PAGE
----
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lhtrees

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Posts: 6
Reply with quote  #1 
I am hoping to tackle building the $1000 solar water heater found at 
https://builditsolar.com/Experimental/PEXColDHW/Overview.htm

"The system is unique in that it combines drain back and storage tanks into a single, large, inexpensive, non-pressurized tank.  A unique heat exchanger that is inexpensive and very efficient is used."

I was wondering if anyone may have experimented with using a 55 gallon drum (with insulation built around it) for the tank.

Thanks, 
Larry

lhtrees

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Reply with quote  #2 
I just found this post: 
https://www.homesteadingtoday.com/threads/the-universal-water-preheater.461155/ where the author uses a 55 gallon drum. I can't tell what temperature he allows the water in the drum to get to but it looks like it is a working system for him. 

If you have more to share, I would love to hear it!
SolarInterested

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Reply with quote  #3 
Welcome Larry. Several folks have used drums as tanks. Here's search of past threads for '55 gallon drum' 
(link)

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Both temperature rise and airflow are integral to comparing hot air collectors
lhtrees

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Reply with quote  #4 
I did just find this post: 
https://sites.google.com/site/solarwaterpreheater/ and related: https://www.homesteadingtoday.com/threads/the-universal-water-preheater.461155/

I can't quite tell how hot the author allows the contents of the barrell to get to but it looks like it works well for him. 

If you have more to share, I am all ears!

Larry
lhtrees

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Reply with quote  #5 
Quote:
Originally Posted by SolarInterested
Welcome Larry. Several folks have used drums as tanks. Here's search of past threads for '55 gallon drum' 
(link)


Perfect! Thank you!
SunFun

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Posts: 25
Reply with quote  #6 
Do you intend to use multiple drums or is one sufficient for your needs?
lhtrees

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Posts: 6
Reply with quote  #7 
I am not sure yet. I thought I would start with what I already have in my garage and see how well it works and build up from there. My primary goal is to preheat water going into the hot water heater, although may end up space heating through the floor eventually.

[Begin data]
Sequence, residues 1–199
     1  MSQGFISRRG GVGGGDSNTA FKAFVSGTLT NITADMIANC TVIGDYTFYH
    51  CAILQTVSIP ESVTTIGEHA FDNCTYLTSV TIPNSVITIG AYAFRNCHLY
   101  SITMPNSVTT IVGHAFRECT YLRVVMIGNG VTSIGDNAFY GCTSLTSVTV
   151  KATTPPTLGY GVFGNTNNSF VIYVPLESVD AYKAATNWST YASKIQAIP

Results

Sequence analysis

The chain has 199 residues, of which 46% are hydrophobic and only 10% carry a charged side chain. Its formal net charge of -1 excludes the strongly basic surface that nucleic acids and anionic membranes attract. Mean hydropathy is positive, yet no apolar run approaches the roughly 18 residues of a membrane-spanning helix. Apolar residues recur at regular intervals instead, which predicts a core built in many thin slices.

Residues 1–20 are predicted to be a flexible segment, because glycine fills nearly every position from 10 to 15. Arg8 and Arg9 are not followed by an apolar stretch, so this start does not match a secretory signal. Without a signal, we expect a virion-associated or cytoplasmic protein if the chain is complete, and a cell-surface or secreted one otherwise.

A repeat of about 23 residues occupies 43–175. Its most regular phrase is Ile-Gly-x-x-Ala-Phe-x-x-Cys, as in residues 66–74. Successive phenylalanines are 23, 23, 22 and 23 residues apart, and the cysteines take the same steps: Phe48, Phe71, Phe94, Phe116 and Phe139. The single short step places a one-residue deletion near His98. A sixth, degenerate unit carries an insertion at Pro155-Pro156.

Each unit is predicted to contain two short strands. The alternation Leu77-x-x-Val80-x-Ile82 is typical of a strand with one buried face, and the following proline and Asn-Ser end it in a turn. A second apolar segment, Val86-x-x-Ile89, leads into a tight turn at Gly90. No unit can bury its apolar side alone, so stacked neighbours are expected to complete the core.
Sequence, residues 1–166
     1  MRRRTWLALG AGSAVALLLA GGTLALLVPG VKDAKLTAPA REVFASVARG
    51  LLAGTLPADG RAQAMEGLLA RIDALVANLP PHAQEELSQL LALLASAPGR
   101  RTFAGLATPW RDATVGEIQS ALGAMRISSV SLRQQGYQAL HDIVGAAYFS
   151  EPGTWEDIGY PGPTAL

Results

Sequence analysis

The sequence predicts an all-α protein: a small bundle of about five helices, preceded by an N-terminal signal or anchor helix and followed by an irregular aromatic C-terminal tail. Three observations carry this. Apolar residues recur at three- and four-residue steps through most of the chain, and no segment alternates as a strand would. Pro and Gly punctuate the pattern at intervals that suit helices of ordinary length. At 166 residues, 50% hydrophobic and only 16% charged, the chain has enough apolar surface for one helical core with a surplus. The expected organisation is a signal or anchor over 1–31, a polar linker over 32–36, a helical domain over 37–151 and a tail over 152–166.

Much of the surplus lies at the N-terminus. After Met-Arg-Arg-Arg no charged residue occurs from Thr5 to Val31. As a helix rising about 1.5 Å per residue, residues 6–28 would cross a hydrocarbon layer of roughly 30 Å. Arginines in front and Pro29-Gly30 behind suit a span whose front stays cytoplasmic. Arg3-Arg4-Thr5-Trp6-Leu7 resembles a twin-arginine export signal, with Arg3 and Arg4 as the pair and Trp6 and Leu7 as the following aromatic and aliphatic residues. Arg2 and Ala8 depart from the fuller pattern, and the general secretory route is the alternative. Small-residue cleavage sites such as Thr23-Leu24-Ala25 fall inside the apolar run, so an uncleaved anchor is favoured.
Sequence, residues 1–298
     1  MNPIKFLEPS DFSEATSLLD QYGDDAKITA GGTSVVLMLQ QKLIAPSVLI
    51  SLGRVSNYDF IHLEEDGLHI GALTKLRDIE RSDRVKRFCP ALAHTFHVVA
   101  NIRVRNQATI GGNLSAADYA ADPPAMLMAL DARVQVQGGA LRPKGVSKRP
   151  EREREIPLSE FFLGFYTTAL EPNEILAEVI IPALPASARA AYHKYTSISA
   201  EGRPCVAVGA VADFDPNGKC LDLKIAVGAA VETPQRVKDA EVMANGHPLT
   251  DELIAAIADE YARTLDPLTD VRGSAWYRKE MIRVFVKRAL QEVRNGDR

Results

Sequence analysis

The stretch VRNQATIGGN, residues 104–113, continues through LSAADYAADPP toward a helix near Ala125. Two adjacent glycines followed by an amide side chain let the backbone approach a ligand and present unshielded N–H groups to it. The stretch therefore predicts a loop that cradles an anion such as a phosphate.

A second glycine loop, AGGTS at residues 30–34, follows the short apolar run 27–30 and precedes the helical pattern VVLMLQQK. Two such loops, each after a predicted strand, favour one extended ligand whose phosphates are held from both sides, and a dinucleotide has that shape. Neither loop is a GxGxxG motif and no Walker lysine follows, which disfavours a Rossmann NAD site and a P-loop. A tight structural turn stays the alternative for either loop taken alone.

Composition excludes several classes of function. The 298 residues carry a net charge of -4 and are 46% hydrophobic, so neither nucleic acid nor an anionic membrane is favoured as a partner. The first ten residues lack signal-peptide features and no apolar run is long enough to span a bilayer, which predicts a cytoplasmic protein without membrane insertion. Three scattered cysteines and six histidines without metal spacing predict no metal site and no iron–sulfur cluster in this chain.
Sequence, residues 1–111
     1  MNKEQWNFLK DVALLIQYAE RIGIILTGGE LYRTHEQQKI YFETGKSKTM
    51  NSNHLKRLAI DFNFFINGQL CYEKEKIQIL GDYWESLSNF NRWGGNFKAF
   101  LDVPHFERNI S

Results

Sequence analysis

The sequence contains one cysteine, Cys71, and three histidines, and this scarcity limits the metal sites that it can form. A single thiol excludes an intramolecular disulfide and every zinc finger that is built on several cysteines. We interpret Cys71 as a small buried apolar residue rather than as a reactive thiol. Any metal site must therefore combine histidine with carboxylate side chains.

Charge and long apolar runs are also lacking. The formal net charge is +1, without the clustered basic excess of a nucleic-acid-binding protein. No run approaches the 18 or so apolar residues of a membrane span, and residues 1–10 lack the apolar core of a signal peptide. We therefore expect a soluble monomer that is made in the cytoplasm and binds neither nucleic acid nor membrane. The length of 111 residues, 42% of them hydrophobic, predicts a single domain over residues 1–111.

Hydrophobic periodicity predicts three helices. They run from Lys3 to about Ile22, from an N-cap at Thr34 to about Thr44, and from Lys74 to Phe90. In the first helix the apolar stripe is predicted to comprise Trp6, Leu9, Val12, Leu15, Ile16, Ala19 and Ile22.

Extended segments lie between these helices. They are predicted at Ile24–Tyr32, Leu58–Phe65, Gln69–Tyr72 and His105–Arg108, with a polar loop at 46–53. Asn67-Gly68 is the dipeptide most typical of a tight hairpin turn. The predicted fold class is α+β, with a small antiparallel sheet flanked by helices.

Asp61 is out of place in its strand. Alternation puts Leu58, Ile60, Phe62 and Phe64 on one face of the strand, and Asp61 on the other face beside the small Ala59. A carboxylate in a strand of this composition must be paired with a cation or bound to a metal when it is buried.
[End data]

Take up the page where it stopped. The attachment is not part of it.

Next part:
I have a large plastic barrel already but wasn't sure if it could take the higher temperatures of 140-150 F. Sounds like it can, although I am definitely going to start with the barrel outside the house. I don't trust my plumbing.

Someone else wrote and mentioned using a "tote". I presume this is one of those large 200+ gallon water containers?


stmbtwle

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Reply with quote  #8 
A single drum may work for DHW but it isn't near enough for space heating. A tote may be. I routinely heated my drum to 160F. No problems with the drum, but the plastic pumps didn't like it.
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Solar is like the wind. It may be free, but putting it to work isn't!
Willie, Tampa Bay
SolarInterested

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Reply with quote  #9 

Totes/IBC temperatures

http://tech.groups.yahoo.com/group/SimplySolar/message/29610?o=1&d=-1

Quote:

Hi,
Just for another data point.

I have a friend who uses these 275 gallon plastic totes for storing vegi oil as part of his biofuels business. I asked him how it was working out, and what was his feel for maximum temperature -- this is his response:

Hi Gary,
I have used tote tanks (275 gal pallet tanks) for vegetable oil, which are the same plastic that all the milky plastic tanks are made of, to 160F and they seem to last ok but I wouldn't recommend it either. I have had one fail but not sure why as I couldn't locate the leak point. I think they are rated to 140F is all, and with a solar application the temps could go to 180F as you know.

 


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Both temperature rise and airflow are integral to comparing hot air collectors
stmbtwle

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Reply with quote  #10 
The air gap created by the metal cage is probably beneficial. I wouldn't fill it.

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Solar is like the wind. It may be free, but putting it to work isn't!
Willie, Tampa Bay
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